|Worth seeing:||as a not entirely successful attempt to combine family drama with ghosts from the past|
|Featuring:||Barry Ward, Charlene McKenna, Adam Fergus, Aidan McCann, Aoibheann McCann, Benjamin Bergin, Cathy Belton, Fergus Mulligan, Grace Collender, Jeanne Nicole Ní Áinle, Katelyn Rose Downey, Kevin Trainor, Luke Griffin, Nathara Dayananda, Niall Bishop, Orla Casey, Ray Weafer, Rhys Mannion, Robert Mitchell, Roisin Rankin, Sean Duggan, Steve Gunn, Trevor Kaneswaran|
|Key crew:||Ronan Burke, Yves Christian Fournier, Gary Evans, Fran Harris, Gary Tieche|
|Channel:||BBC iPlayer, BBC1|
|Broadcast date:||29th July 2023|
WHAT’S IT ABOUT?
Shelly (Charlene McKenna) is a busy housewife and mother – to the two kids she has with husband Jason (Barry Ward) and his older son from a previous marriage.
While Jason is trying to work his way up through the police force, Shelly is trying to work her way up through the Parents’ Association at school – she has enough to worry about in her everyday life without having to add baking, baking and more baking.
But suddenly, her past catches up with her and she has more to worry about than baking.
With the everyday banality of her middle-class family life is at risk of being brought to a sudden end, she takes the dramatic decision to silence the threat – by killing him.
When the body is discovered, the murder case is handed to Jason to solve, laying the way for a twisting turning drama of death, deception and devious desperation.
WHAT’S IT LIKE?
On the surface, this Irish crime drama has it all – drugs, murder, sex-trafficking, infidelity, school bullying, everyday family shenanigans and PTA politics.
But this ambitious series is tied together so cackhandedly that every twist and turn leaves you rolling your eyes rather than reeling with surprise.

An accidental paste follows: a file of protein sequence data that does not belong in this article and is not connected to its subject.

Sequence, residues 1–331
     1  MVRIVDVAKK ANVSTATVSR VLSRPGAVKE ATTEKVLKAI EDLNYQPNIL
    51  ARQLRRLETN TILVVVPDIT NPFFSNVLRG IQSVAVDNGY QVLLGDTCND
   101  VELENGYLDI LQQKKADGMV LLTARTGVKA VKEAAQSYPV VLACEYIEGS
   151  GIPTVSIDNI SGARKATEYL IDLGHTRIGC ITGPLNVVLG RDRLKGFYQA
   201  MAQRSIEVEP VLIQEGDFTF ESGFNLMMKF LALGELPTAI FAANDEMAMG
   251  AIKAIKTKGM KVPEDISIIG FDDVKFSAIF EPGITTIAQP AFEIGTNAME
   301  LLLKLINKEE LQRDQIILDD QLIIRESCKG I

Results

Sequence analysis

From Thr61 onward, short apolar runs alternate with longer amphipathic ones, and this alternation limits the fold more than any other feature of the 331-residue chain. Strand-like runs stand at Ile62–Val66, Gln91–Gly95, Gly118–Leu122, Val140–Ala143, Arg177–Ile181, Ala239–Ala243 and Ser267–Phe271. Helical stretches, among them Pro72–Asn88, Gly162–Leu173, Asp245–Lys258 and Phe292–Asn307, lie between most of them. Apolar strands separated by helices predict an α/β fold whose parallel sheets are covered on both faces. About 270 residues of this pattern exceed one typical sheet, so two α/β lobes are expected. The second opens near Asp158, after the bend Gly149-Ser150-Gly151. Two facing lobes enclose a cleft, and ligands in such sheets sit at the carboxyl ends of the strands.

The opening scene of the first episode features Shelly’s daughter walking in on her cleaning blood of her clothes, but there’s no comeback from this at all – and so it is throughout – people do ridiculous things and if the plot requires them to get away with it, they do. Considering how efficient the central police officers appear to be, their incompetence is almost comical.
Too much time is spent in the past and the more time we’re there, the less we like the main character – and the more complex the plot becomes, the less interesting – and convincing – is the drama at its heart.
There are moments that lift the drama – such as Shelly’s response to a request to pop into the police station to give her finger prints, but then they throw it all away again, when her dramatic actions are just written off with almost no consequence.
There are also glimmers of potential when Barry Ward’s ambitious detective is forced to confront his own infidelity, with reference to his wife’s behaviour, but again, it’s wasted.
There are so many side-stories that serve almost no purpose in the unfolding of the wider narrative that you feel four 50-minute episodes would have been plenty, rather than six, so that while some potentially interesting elements emerge, when you realise they’re completely redundant, you just feel you’ve wasted more of your time.
Some of these loose ends feel like they’ve been left there to justify a second series, but the team will need to be on sharper form to justify another visit to Wicklow.